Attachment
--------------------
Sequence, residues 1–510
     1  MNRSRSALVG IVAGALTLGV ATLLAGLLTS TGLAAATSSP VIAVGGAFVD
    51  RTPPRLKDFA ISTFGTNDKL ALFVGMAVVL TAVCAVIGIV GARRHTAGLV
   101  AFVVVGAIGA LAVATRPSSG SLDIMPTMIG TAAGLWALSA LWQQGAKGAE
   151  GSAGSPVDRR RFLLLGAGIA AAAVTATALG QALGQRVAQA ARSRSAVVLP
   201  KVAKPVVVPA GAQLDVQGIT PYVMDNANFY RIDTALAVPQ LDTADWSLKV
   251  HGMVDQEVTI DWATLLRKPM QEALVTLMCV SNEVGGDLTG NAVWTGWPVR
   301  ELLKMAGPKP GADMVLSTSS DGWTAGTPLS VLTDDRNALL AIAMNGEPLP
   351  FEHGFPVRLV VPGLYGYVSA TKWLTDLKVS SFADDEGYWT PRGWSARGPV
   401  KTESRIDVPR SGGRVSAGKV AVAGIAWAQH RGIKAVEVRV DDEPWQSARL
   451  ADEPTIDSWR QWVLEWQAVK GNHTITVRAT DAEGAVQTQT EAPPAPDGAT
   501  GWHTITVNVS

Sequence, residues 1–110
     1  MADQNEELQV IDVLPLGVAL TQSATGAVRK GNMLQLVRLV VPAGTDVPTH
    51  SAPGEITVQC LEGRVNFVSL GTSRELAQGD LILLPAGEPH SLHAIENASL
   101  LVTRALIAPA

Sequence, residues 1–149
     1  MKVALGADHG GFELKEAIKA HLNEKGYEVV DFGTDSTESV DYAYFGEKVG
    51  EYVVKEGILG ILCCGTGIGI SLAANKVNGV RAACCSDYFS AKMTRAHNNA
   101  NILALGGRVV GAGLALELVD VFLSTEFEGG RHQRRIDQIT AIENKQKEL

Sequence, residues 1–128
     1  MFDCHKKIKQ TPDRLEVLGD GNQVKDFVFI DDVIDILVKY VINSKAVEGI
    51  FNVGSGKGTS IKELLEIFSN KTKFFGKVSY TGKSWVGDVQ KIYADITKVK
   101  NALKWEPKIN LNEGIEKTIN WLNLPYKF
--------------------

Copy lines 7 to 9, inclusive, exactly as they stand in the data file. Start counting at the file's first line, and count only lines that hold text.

   251  HGMVDQEVTI DWATLLRKPM QEALVTLMCV SNEVGGDLTG NAVWTGWPVR
   301  ELLKMAGPKP GADMVLSTSS DGWTAGTPLS VLTDDRNALL AIAMNGEPLP
   351  FEHGFPVRLV VPGLYGYVSA TKWLTDLKVS SFADDEGYWT PRGWSARGPV